One of the most notorious aspects of the trilogy is the violence: a reaction if not an outright parody of the Polyanna-ish Westerns of the late fifties, Leone transformed the stereotype of the clean-cut cowboy into a dirty, unshaven, morally ambiguous loner. He argued: “The West was made by violent, uncomplicated men, and it is this strength and simplicity that I try to recapture in my pictures.” The Western landscape was re-imagined as a savage battleground where the only rules were to get rich and be more devious than your opponent, exploding the myth of the noble frontier in a hail of blood and bullets that was also undercut with (sometimes literally) gallows humour.
Many objected to this interpretation of recent American history, with David Thomson saying: “I think Leone really despised the Western…we never feel we’re in America or with people who think in American. He makes fun of the very mythology and obsession that underlie film art,” but Leone argued later in his life that the films were not intended as arch but a genuine reflection of his feelings towards the country, arguing: “I can’t see America any other way than with a European’s eyes, obviously; it fascinates me and terrifies me at the same time.”
It must be said that while Leone was an innovator in many respects, he did start the ball rolling with a shameless rip-off: A Fistful Of Dollars wasn’t so much an ‘unofficial remake’ of Akira Kurosawa’s samurai action movie Yojimbo, as a re-skinned version of the same film, replacing warring clans in feudal Japan with warring families in a Mexican border town. Leone waved away accusations of cinematic plagiarism by saying that Yojimbo had been influenced by Dashiell Hammet’s noir novel Red Harvest, and that Red Harvest in turn had been influenced by the Italian play A Servant Of Two Masters.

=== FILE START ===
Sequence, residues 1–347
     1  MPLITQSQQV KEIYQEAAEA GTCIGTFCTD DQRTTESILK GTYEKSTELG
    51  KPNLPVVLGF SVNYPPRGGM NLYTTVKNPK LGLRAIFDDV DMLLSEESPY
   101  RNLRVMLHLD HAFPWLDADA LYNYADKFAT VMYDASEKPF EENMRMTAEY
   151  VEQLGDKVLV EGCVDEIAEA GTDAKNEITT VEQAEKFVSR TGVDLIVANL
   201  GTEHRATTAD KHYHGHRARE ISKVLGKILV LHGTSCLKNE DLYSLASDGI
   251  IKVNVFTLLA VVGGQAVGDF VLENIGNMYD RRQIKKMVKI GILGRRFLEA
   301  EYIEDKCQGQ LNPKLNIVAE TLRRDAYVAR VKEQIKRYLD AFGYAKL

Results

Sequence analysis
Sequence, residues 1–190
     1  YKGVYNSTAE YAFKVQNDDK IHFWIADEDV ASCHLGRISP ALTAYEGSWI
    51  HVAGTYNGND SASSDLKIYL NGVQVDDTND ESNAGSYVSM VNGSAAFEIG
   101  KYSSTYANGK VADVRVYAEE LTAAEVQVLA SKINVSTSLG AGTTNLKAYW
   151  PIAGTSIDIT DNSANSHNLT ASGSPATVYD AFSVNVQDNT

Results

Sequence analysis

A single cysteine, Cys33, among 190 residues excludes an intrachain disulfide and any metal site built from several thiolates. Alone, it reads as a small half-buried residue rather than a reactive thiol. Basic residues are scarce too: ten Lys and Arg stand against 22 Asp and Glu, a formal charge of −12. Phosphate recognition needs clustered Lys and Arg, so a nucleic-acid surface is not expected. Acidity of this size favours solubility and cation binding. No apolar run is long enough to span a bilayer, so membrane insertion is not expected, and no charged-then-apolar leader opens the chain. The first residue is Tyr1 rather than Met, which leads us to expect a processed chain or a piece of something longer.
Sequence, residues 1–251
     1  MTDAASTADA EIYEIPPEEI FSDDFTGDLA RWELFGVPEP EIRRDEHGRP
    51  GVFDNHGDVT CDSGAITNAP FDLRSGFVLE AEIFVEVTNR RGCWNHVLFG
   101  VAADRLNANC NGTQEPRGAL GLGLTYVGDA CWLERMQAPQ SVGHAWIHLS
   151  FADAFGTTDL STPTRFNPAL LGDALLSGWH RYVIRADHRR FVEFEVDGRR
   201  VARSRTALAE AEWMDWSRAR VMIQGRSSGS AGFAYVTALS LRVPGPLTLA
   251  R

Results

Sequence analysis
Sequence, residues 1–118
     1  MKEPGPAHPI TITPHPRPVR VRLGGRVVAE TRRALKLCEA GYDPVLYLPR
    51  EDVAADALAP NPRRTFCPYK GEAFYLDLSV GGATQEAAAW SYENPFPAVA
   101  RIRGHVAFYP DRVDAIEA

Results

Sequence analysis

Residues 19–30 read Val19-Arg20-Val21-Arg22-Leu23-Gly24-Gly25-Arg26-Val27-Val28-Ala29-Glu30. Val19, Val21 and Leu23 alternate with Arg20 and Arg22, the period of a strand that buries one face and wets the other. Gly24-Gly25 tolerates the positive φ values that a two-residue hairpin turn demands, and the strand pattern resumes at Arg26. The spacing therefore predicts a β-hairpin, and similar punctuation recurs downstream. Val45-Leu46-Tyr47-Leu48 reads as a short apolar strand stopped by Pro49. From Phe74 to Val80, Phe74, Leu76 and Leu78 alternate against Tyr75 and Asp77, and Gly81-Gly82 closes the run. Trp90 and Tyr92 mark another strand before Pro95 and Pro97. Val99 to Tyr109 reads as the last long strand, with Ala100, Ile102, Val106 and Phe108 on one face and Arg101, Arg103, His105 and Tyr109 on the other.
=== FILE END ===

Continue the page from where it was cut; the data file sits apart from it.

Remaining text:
To watch both films is to realise that Leone was being more than a little mischievous and disingenrous here – while there are clear similarities between all three, whole scenes and beats in Fistful are lifted from Yojimbo. Kurosawa later quipped that Leone had “made a great movie, but it was my movie.” However, Kurosawa freely admitted that Yojimbo had been influenced by classic Westerns, so perhaps there was something to Leone’s claim he was bringing the story back “home”, even he was referring to Hammett’s novel and not the Western genre as a whole.